Weekapaug's Wild Weather

It’s a wild weather day here on the Weekapaug coast.  The northeast wind is whistling down the pond, driving sheets of heavy rain against the windows and doors.  Yesterday it was 27-degrees and overcast, though quite still.  Tiny snowflakes drifted by, from time to time, and had the temperature held below freezing they would have increased one thousand fold today with the storm and we would be in the midst of a blizzard.  As is so often the case, however, the shoreline is on the liquid side of the rain/snow line. 

 

Meanwhile it’s a lovely day to be inside.  Upstairs in the Searoom, a small group is holding a business meeting; below, in the dining room, a group of ladies are having a book club meeting and lunch by the fireplace.  One end of their table feels the warmth of the fire, while those at the other end have an unobstructed window view – rain running down the pane, tall dry grasses bending to the gale and whitecaps marching down the bay.  If I were they, I would be in no hurry to leave today.  The fire and the holiday decorations make the Inn a warm and cozy place on a nasty afternoon such as this.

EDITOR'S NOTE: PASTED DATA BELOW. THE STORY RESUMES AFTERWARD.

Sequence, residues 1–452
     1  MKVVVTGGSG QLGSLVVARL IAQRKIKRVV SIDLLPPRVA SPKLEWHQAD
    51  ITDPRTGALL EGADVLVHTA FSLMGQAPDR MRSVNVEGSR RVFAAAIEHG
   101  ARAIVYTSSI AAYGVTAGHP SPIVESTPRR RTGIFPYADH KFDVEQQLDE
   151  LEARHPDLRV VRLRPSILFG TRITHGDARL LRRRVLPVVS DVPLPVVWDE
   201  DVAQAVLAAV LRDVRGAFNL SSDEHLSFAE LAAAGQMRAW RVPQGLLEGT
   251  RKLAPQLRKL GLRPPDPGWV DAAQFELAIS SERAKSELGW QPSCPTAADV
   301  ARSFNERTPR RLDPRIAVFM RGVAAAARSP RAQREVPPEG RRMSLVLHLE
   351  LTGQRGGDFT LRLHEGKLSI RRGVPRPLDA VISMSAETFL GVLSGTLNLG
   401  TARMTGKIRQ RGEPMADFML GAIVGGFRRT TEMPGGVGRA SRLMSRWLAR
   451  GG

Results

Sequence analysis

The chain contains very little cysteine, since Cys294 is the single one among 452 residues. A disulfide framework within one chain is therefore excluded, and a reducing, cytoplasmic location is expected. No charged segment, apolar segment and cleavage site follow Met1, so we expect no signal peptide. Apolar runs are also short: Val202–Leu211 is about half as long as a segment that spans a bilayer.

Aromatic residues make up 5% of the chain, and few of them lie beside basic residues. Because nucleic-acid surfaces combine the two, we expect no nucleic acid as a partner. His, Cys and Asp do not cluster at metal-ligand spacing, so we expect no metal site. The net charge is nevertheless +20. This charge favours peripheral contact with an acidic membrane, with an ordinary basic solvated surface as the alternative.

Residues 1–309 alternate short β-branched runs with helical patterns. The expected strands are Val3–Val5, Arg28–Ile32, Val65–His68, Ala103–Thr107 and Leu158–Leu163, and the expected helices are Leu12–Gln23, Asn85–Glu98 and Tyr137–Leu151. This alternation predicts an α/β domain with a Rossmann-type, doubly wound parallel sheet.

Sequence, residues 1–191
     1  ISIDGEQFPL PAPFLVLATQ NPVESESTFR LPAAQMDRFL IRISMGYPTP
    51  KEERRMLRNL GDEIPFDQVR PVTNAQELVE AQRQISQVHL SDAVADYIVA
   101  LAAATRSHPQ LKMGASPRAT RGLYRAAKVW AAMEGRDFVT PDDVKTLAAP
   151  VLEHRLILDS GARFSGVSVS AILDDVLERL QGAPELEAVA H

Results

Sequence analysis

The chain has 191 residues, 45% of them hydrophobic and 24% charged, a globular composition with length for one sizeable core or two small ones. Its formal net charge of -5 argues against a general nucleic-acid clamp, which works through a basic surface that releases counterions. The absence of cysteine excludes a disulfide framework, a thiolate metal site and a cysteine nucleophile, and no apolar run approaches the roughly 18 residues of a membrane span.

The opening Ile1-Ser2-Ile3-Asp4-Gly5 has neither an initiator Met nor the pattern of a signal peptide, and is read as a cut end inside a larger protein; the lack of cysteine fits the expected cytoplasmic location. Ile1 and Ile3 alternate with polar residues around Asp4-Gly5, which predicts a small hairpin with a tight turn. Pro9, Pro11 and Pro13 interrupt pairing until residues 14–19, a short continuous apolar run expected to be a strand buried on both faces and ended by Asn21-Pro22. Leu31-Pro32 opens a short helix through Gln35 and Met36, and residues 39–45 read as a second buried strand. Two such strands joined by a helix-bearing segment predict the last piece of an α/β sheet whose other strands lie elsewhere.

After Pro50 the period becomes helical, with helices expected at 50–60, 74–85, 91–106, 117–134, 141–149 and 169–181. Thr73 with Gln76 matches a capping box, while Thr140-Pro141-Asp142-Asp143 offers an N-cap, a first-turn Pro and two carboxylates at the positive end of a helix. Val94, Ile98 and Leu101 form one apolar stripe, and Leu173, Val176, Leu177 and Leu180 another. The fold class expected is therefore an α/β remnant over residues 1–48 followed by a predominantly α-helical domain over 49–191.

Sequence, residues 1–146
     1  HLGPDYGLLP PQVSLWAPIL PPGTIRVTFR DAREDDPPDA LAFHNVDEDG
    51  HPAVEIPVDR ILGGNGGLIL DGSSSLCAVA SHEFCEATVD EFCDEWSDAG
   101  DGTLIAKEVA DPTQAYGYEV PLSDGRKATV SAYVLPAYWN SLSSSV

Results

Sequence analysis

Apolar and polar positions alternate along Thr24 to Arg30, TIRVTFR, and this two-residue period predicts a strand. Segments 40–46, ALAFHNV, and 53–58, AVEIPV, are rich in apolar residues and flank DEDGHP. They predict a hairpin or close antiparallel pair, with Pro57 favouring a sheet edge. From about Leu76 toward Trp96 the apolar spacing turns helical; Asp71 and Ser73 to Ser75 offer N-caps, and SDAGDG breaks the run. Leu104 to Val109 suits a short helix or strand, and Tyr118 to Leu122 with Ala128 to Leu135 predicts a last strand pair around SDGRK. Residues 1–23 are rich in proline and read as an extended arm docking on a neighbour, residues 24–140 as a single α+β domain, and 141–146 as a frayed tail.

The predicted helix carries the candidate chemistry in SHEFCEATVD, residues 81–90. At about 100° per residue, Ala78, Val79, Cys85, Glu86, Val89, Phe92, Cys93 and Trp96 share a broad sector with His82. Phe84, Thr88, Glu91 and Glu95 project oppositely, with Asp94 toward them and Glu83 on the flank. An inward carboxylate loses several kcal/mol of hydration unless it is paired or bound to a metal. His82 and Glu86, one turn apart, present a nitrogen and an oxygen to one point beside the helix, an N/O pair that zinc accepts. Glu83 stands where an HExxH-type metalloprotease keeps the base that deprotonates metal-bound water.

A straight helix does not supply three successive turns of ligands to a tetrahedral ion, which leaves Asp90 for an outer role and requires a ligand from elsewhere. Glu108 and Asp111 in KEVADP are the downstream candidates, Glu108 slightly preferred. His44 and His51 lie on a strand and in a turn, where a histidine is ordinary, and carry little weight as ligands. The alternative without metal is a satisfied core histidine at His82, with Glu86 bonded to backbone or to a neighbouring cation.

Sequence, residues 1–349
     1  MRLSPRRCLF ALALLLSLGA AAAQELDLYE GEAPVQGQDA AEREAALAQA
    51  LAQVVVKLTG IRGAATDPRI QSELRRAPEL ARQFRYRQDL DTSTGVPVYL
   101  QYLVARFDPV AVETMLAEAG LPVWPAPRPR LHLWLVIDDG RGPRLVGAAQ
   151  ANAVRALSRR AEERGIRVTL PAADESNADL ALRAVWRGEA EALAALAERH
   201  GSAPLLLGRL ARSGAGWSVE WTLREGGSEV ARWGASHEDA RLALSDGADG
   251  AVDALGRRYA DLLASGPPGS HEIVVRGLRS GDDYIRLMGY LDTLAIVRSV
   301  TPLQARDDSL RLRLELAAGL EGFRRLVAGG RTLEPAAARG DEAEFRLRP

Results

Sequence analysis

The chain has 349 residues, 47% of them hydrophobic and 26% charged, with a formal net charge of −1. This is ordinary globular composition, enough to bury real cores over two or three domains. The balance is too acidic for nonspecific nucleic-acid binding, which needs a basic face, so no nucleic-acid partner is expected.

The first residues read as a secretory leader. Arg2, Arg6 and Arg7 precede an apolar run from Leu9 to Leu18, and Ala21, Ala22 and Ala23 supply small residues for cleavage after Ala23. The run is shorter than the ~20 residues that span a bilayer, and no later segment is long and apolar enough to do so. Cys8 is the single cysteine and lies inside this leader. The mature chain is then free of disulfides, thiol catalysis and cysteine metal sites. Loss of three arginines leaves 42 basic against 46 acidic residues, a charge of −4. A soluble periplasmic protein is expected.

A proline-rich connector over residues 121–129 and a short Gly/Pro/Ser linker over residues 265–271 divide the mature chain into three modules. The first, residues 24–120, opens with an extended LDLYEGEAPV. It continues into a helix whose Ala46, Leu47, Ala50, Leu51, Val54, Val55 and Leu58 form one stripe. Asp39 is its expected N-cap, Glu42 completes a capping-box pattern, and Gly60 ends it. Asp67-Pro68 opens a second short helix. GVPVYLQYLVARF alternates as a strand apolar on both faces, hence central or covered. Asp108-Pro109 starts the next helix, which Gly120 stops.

On the way in earlier, I pulled into a driveway along the beach to have a look out to sea. Wintertime northeast storms will often hollow the beach out and such was the case today.  Waves were running up to the dunes, and the broad sandy expanse that bathers enjoyed all summer was mostly awash.. and the tide wasn’t even high!  The north-northeast angle of the wind was holding the crushing waves off shore, but at the same time it ripped the curl off wave tops and flung the spray seaward – frothy white foam against the green of a winter sea.   Such is the winter beach.  Come spring the weather patterns will shift and sand will be pushed back ashore making abundant  room for beach towels and chairs.

Northern Gannets hunting several hundred yards off Weekapaug.  In the center of the frame a diving bird is about to strike the water.  Left of that, a plume marks the spot where another just pierced the surface.
Northern Gannets hunting several hundred yards off Weekapaug. In the center of the frame a diving bird is about to strike the water. Left of that, a plume marks the spot where another just pierced the surface.

For some reason, stormy late fall days like today often bring gannets close to shore.  Gannets are large birds of the open sea (the largest sea bird in the north Atlantic) and are closely related to boobies.  They soar on long black-tipped wings and follow schools of herring.  When shoaling schools come close to the surface, the big birds fold their wings and drop like bolts from the sky, plunging headfirst into the water and throwing up a 6-foot plume in the process.   Standing atop the seawall I watched a hard-working flock pounding the waves not far offshore. 

Gannets weren’t the only ones hard at work on the waves.  Around the corner, in the more sheltered cove under the overlook, two surfers were suited up and making the most of the big ocean swell.  They were fun to watch, and appeared to be having a fine time, but for most of us the Inn is just the place to be on such a stormy Rhode Island day.  A cup of coffee, a bowl of chowda, and a crackling fire by which to warm your bones.